FarmLink brings farmers and landowners together
Published: Wednesday, September 4, 2013 at 8:00 a.m.
Last Modified: Monday, September 2, 2013 at 9:36 a.m.
Are you a wannabe farmer? Ever wish you could grow more peppers, tomatoes, squash and beans that could fit in your backyard, and maybe have enough to sell, trade or share with your neighbors?
Or perhaps you have a piece of property that’s ideal for farming, but you don’t have the time or the know-how to farm it. Is there a farmer out there who could put the land to use? The answer is likely yes, and a nonprofit called California FarmLink exists to make such connections.
For example, Bolinas resident Will Scott spends three days a week tending tomatoes, corn, beans, squash and other summer produce on nearly two acres of flat, sandy soil on the outskirts of Petaluma. The harvest is just beginning. He doesn’t own a square inch of the land. But, through a connection made by FarmLink, he is putting what would otherwise be unproductive land to use and providing a cash benefit to the landowner, Gary Maack.
FarmLink helps with negotiating the agreement, furnishing attorney-vetted lease templates and conducting workshops on the business of farming, if the partners request it. There is also a loan program.
Depending on the agreement, a farmer in the area can expect to spend $500 to $700 an acre to lease farmland, though plenty of other arrangements exist. One landowner settles for the meat from one lamb each year; another merely asks for the amount of vegetables he can eat.
In 2011, Suzi Grady, program manager for Petaluma Bounty, was farm manager at Bounty Farm, which provides food at reduced rates for low-income families. She wanted someone to manage flower production there.
“We worked out an arrangement with another farmer to focus on our flower production,” she says. “FarmLink provided a template for a crop-share agreement that made it equitable for everyone.” That farmer was Ariana Reguzzoni, who discovered FarmLink through an apprenticeship program in Santa Cruz, where FarmLink was started in 1999.
Meanwhile, Rodney Anderson was looking for a buyer for his Anderson Organic Farm business on Bodega Ave. He found one through FarmLink. Partners Nathan Boone and Jesse Pizzitola saw the listing on the FarmLink website, bought the business and equipment, and took over Anderson’s lease from owner Shirley Spencer.
Their First Light Farm combines the Bodega property with Valley Ford acreage for a total of 20 acres where they grow more than 100 different varieties of vegetables. They have a thriving CSA (community supportive agricultural) business that offers subscribers weekly boxes of seasonal produce.
When Reguzzoni decided to move on from Bounty Farm, a family connection led her to First Light Farm, where she and her partner grow flowers on a quarter acre there, calling themselves Chicka Bloom Farm. Reguzzoni was so sold on FarmLink that she became their North Coast Regional Coordinator. If you are searching for a FarmLink connection in Sonoma County, you will probably work with her.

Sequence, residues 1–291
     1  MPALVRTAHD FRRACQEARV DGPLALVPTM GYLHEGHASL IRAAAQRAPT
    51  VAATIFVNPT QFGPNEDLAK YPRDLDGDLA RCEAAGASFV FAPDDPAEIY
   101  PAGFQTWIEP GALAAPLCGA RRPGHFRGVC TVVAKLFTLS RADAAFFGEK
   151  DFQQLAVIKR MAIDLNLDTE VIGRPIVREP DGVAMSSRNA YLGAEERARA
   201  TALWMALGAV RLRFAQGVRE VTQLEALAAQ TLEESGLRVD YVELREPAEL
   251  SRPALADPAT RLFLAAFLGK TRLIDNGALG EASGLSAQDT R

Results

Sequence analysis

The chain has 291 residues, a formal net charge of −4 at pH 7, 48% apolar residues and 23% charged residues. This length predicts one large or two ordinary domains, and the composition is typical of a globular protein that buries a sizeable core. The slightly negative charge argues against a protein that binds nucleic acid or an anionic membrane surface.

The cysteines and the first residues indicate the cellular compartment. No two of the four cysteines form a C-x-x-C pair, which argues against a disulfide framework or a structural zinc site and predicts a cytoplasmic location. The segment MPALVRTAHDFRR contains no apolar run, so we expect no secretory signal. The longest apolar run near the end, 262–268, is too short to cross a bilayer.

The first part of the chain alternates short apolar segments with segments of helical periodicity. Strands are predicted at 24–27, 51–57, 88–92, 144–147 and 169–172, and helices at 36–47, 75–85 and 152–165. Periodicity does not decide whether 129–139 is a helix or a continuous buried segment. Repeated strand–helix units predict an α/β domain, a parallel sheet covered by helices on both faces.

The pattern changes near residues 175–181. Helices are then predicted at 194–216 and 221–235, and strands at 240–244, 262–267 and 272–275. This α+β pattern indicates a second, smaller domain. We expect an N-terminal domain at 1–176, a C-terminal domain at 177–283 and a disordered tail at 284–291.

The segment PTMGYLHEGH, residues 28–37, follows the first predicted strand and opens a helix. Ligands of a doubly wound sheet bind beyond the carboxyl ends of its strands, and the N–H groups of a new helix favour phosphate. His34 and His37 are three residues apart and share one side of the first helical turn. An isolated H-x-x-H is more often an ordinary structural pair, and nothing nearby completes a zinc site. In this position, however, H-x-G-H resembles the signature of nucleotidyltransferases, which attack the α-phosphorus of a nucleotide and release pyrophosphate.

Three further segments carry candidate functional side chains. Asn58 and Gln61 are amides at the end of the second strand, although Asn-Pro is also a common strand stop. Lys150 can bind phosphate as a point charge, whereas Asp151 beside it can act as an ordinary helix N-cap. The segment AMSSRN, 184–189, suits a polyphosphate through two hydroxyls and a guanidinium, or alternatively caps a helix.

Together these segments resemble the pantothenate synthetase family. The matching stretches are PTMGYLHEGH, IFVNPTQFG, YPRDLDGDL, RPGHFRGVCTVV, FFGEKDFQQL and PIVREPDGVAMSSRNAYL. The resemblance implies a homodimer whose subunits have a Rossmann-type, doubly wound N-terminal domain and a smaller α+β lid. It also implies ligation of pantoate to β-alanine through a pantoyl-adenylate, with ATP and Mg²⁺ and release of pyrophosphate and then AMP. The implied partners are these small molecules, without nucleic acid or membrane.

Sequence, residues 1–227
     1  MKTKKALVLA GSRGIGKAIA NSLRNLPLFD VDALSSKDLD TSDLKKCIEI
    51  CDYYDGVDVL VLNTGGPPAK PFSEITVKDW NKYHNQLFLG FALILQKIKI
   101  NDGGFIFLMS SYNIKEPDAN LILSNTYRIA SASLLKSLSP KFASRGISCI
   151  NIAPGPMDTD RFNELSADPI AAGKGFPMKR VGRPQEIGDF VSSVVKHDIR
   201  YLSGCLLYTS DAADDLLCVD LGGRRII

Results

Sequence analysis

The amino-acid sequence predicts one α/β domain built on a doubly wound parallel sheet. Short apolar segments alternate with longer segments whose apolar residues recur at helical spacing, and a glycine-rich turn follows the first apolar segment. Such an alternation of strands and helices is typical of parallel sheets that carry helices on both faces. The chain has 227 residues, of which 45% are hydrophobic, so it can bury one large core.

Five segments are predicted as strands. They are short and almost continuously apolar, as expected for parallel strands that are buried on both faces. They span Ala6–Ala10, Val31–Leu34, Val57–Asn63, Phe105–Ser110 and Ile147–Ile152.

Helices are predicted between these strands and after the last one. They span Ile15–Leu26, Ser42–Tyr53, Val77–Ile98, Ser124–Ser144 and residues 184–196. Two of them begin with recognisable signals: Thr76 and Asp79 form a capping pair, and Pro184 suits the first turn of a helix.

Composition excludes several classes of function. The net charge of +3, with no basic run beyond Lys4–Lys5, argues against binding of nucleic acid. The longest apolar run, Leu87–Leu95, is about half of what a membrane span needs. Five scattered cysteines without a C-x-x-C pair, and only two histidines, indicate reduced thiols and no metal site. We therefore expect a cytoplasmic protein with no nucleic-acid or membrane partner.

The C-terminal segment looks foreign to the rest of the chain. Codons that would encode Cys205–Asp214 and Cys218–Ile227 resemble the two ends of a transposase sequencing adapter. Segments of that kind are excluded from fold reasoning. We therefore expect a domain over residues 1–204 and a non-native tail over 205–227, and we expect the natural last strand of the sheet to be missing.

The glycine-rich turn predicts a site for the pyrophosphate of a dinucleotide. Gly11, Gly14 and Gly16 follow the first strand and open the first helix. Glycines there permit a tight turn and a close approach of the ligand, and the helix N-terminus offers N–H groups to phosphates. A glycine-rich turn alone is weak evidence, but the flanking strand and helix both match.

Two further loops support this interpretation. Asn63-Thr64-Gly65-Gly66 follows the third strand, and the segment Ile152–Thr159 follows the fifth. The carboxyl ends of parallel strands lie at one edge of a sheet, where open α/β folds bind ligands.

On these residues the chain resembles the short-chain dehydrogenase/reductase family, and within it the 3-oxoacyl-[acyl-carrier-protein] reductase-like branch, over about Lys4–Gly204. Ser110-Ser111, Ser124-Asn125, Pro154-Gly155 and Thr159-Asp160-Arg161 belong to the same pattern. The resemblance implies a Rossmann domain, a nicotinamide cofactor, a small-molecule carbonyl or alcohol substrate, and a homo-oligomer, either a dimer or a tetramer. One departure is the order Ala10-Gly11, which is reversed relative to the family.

“There is definitely more demand than supply,” says Reguzzoni of how much land is available for farming. That’s partly why we’re trying to get the word out. I think there is a lot of available farmland, especially in Sonoma County, but I don’t know if people know that there are farmers looking for land, and that there are organizations like FarmLink that can help match them up.”
Not that there isn’t any land available. Bill Chayes, a renowned documentary filmmaker, has about an acre and a half of gently sloping land on Chileno Valley Road that he’d like to match with a farmer, not so much to augment his income, but because he likes the idea of the land being productive.
According to Scott, Sonoma County has half the small farms that it did in 1980. Yet farming can pay off, he says. Scott expects to easily recoup his $10,000 investment in the farm with the tomatoes alone. “So there is potential for people who are interested in farming, there’s money in farming, but it takes a lot of really hard work.”
Scott works his aptly named Worker Bee Farm three long days a week, for about 30 hours total. On the other days, he works for other farmers and a nursery, a total of 7 days a week. The trade-off: a long winter vacation.
Scott estimates that in terms of pure calorie count, his acreage could feed only about 12 to 20 people a year. “If there are any landowners that aren’t using their land, we need as many local growers as we can get. It would take a lot more small-scale farmers if you ever want to say that Sonoma is feeding itself.”
For more information on California FarmLink, visit www.californiafarmlink.org.
(Contact Bonnie Allen at ar firstname.lastname@example.org)
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